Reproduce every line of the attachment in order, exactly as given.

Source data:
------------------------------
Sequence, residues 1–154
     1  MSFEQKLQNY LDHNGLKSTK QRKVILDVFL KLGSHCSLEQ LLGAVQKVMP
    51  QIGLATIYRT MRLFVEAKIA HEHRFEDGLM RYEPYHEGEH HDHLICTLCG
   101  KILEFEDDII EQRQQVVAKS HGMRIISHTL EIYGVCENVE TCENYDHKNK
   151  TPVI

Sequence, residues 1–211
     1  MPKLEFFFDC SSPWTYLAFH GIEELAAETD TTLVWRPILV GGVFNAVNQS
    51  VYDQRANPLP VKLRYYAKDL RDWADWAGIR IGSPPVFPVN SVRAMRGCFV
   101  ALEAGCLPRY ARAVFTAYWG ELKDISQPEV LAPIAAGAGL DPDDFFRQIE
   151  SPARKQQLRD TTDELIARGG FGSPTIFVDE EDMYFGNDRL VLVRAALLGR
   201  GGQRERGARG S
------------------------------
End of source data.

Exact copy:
Sequence, residues 1–154
     1  MSFEQKLQNY LDHNGLKSTK QRKVILDVFL KLGSHCSLEQ LLGAVQKVMP
    51  QIGLATIYRT MRLFVEAKIA HEHRFEDGLM RYEPYHEGEH HDHLICTLCG
   101  KILEFEDDII EQRQQVVAKS HGMRIISHTL EIYGVCENVE TCENYDHKNK
   151  TPVI

Sequence, residues 1–211
     1  MPKLEFFFDC SSPWTYLAFH GIEELAAETD TTLVWRPILV GGVFNAVNQS
    51  VYDQRANPLP VKLRYYAKDL RDWADWAGIR IGSPPVFPVN SVRAMRGCFV
   101  ALEAGCLPRY ARAVFTAYWG ELKDISQPEV LAPIAAGAGL DPDDFFRQIE
   151  SPARKQQLRD TTDELIARGG FGSPTIFVDE EDMYFGNDRL VLVRAALLGR
   201  GGQRERGARG S